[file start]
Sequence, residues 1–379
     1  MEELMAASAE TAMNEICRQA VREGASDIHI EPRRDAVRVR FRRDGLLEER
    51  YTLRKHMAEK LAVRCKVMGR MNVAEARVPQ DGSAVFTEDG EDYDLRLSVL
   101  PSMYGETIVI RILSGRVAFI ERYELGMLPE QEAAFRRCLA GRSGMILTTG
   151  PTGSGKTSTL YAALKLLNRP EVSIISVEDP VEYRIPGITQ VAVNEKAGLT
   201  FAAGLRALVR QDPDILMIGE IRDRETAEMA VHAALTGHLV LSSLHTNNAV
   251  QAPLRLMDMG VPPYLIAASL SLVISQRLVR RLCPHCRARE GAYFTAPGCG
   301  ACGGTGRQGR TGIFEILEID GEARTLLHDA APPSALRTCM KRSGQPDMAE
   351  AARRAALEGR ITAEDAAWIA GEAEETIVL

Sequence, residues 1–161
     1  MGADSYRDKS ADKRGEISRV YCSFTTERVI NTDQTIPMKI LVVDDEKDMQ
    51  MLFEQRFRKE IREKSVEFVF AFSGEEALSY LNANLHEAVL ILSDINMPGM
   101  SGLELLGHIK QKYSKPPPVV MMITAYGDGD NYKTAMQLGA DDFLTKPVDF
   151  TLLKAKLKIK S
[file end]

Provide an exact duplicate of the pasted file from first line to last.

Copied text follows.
Sequence, residues 1–379
     1  MEELMAASAE TAMNEICRQA VREGASDIHI EPRRDAVRVR FRRDGLLEER
    51  YTLRKHMAEK LAVRCKVMGR MNVAEARVPQ DGSAVFTEDG EDYDLRLSVL
   101  PSMYGETIVI RILSGRVAFI ERYELGMLPE QEAAFRRCLA GRSGMILTTG
   151  PTGSGKTSTL YAALKLLNRP EVSIISVEDP VEYRIPGITQ VAVNEKAGLT
   201  FAAGLRALVR QDPDILMIGE IRDRETAEMA VHAALTGHLV LSSLHTNNAV
   251  QAPLRLMDMG VPPYLIAASL SLVISQRLVR RLCPHCRARE GAYFTAPGCG
   301  ACGGTGRQGR TGIFEILEID GEARTLLHDA APPSALRTCM KRSGQPDMAE
   351  AARRAALEGR ITAEDAAWIA GEAEETIVL

Sequence, residues 1–161
     1  MGADSYRDKS ADKRGEISRV YCSFTTERVI NTDQTIPMKI LVVDDEKDMQ
    51  MLFEQRFRKE IREKSVEFVF AFSGEEALSY LNANLHEAVL ILSDINMPGM
   101  SGLELLGHIK QKYSKPPPVV MMITAYGDGD NYKTAMQLGA DDFLTKPVDF
   151  TLLKAKLKIK S